California Cannabis Trademark Lawsuit Highlights Industry Pitfall

A cigarette manufacturer has filed a trademark infringement lawsuit against a California cannabis company alleging the smaller firm swiped their long-standing brand. The case highlights the fact that trademark registration and branding are valuable assets for any cannabis company, but accusations of trademark infringement can damage your reputation as well as your pocketbooks.marijuana lawyer

Bloomberg Law reports that the owner of Kool menthol cigarette brand alleges in Los Angeles federal court that the logo used by the cannabis company Bloom Brands is far too similar to the interlocking “O” letters used by Kool. The marijuana business has reportedly applied for federal trademarks for the branding images that would cover its oral vaporizers and e-cigarettes. The company that owns Kool, however, sent the firm a cease-and-desist letter late last year.

Now, according to the lawsuit, the cannabis business is accused of trying to profit off the established branding of Kool in a “transparent rip-off.”

This claim is merely the latest in a long list of trademark disputes between those in the fledgling marijuana industry and larger, more established companies. Among others that have cropped up in recent years:

  • Manufacturers of Nerds candy filed a lawsuit last year against the California-based producer of cannabis edibles alleging trademark infringement.
  • Chocolate maker The Hershey Co. has filed numerous trademark infringement complaints against cannabis companies over the last several years.
  • Ohio-based glue manufacturer, the Gorilla Glue Company, filed a lawsuit against a Nevada cannabis company, GG Strains, for its use of the trademarked name “Gorilla Glue” for one of its strains of cannabis. The two companies reached a settlement resulting in the cannabis company halting its use of all Gorilla Glue names, rebranding of its products and relinquishing its website URLs to the gluemaker.
  • Hot sauce maker Tapatio Foods, LLC filed a federal trademark infringement lawsuit against a California company producing cannabis-infused hot sauce called Trapatio.

The crux of many of these lawsuits is that defendant companies are infringing on the plaintiff’s trademarks by using names, logos, designs, etc. in a way that is likely to cause consumer confusion about the products and potentially damage the reputation of the plaintiff, depriving them of profit.

Companies found to have infringed trademarks may be permanently banned from using those same marks or names, compelled to pay triple monetary damages, cover the cost of corrective advertising to clear the brand confusion, forfeit their profits and pay plaintiff’s attorney’s fees.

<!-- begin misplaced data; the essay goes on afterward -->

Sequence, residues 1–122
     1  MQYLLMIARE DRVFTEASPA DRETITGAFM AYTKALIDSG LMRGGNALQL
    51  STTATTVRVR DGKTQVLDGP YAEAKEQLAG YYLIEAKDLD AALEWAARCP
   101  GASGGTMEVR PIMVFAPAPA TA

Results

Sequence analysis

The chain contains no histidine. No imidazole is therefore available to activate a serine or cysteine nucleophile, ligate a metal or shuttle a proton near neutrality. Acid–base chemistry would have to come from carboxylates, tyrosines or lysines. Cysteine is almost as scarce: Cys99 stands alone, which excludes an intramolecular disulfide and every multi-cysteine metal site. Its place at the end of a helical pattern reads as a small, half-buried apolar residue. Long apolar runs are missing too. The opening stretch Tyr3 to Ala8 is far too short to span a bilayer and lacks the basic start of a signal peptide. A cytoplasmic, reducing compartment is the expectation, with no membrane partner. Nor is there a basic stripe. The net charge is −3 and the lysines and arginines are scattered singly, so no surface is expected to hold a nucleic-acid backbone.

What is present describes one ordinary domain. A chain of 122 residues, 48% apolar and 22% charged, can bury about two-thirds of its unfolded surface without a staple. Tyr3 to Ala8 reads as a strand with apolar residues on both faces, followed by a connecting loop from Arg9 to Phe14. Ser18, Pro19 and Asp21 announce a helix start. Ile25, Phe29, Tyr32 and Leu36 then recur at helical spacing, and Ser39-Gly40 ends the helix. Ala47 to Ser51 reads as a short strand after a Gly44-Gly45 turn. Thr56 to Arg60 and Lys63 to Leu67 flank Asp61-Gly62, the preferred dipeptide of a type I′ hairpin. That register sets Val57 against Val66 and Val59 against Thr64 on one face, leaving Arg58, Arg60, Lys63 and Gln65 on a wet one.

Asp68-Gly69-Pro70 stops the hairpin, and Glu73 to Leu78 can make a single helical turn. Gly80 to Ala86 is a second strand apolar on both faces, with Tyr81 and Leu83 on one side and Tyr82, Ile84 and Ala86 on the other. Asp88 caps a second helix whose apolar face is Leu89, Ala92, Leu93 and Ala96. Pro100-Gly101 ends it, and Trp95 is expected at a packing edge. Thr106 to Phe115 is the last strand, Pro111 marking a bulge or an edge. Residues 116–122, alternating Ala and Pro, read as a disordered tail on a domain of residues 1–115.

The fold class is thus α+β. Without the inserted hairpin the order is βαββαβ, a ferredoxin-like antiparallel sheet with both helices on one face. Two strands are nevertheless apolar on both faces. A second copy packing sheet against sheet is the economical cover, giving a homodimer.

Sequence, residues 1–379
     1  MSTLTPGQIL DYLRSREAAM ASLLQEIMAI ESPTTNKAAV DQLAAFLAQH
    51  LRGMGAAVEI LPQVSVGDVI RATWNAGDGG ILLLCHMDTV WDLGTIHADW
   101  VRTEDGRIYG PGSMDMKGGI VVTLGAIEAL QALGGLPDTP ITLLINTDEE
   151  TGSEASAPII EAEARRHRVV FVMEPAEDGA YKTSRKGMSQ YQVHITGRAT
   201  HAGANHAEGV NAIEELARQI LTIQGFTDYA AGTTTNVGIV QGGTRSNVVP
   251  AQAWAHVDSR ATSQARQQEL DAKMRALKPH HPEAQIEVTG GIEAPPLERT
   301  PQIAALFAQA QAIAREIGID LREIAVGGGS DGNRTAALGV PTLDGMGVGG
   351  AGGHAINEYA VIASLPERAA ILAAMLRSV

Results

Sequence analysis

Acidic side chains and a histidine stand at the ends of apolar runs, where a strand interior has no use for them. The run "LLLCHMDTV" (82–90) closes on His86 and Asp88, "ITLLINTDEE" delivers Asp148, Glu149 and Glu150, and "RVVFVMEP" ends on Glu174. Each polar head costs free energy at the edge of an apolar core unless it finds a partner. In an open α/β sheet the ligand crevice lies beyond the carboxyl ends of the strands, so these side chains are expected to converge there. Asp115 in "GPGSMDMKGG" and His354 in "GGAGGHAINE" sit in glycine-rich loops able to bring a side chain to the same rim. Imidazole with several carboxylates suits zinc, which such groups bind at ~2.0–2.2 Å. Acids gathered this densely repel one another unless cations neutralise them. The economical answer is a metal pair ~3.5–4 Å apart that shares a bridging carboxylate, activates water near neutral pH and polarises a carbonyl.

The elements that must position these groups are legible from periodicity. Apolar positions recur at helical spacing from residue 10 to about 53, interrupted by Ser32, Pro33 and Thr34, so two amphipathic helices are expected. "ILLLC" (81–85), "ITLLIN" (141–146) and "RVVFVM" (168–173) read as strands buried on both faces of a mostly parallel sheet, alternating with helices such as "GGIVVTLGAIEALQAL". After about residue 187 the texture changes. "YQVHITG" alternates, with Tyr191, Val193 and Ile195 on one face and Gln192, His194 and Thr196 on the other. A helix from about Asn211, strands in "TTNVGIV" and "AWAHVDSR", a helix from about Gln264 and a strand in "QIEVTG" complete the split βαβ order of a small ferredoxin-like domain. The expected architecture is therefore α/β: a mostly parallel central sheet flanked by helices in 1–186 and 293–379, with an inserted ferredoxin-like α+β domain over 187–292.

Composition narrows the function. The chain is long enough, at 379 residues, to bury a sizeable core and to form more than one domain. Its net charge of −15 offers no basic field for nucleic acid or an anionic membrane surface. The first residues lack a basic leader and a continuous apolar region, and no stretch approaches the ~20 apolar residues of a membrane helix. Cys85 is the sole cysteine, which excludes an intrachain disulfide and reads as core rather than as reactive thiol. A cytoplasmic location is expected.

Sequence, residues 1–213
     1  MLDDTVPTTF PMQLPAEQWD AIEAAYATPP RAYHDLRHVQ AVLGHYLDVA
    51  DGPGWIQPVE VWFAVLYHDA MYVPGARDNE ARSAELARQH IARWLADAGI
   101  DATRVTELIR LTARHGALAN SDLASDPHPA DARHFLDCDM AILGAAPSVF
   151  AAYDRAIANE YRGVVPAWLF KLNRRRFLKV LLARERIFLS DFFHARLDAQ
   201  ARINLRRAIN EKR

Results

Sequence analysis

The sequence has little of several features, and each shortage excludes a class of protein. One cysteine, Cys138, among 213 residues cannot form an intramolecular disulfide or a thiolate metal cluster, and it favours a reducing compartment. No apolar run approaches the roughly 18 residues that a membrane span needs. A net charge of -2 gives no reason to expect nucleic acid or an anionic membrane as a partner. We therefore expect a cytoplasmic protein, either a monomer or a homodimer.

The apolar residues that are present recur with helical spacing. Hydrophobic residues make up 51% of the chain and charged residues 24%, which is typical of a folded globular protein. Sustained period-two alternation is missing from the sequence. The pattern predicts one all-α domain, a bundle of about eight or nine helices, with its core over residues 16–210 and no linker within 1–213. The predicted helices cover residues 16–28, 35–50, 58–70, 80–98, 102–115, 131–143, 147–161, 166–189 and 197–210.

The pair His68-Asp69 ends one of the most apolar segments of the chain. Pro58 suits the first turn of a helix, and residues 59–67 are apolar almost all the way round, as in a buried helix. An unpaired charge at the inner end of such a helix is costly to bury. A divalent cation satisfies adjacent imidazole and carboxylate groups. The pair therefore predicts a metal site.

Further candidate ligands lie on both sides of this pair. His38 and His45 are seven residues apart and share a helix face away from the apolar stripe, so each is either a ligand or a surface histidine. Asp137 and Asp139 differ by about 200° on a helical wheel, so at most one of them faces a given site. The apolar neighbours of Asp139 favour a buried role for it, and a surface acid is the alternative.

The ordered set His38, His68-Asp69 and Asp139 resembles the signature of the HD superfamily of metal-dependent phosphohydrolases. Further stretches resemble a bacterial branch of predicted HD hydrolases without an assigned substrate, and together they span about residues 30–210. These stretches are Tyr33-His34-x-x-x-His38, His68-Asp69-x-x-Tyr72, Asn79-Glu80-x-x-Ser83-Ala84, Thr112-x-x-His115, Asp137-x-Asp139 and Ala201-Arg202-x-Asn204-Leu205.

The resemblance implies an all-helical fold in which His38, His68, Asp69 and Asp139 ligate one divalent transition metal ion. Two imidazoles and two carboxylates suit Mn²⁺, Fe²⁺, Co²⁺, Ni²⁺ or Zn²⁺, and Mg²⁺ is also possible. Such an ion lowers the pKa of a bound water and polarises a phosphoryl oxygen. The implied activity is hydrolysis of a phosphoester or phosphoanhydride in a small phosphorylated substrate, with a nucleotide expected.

The hassle and expense of this type of litigation can usually be avoided with meticulous planning and research of proposed strain names and products. Our Los Angeles marijuana lawyers can help clients formulate strong business plans and review potential product lines for possible trademark issues.

As bigger brands break into the cannabis business, Bloomberg Law predicts such trademark infringement lawsuits are likely to become more common. Many companies want to capitalize on products with cutesy, catchy names and pop-culture references. But that can be lead to legal woes if the more mainstream company catches wind.

A common type of trademark infringement is dilution by tarnishment. This means that the company’s reputation can be harmed by the mark’s association with another company. Typically, there is a high bar to prevail with these kinds of claims because you usually have to prove the company infringing on the mark is somehow associated with something that is obscene, sexually explicit, drug-related or illegal. With cases involving marijuana companies, clearing that proof burden is less difficult.

It should be noted that unless and until marijuana becomes legal at the federal level, trademark protection is not available through the U.S. Patent and Trademark Office. There are still other ways cannabis companies can protect their brands, though, and our Los Angeles marijuana business lawyers are available to help.

The Los Angeles CANNABIS LAW Group represents growers, dispensaries, ancillary companies, patients, doctors and those facing marijuana charges. Call us at 714-937-2050.

Additional Resources:

How Cannabis Companies Can Protect Their Trademarks, Oct. 29, 2020, Bloomberg Law

 

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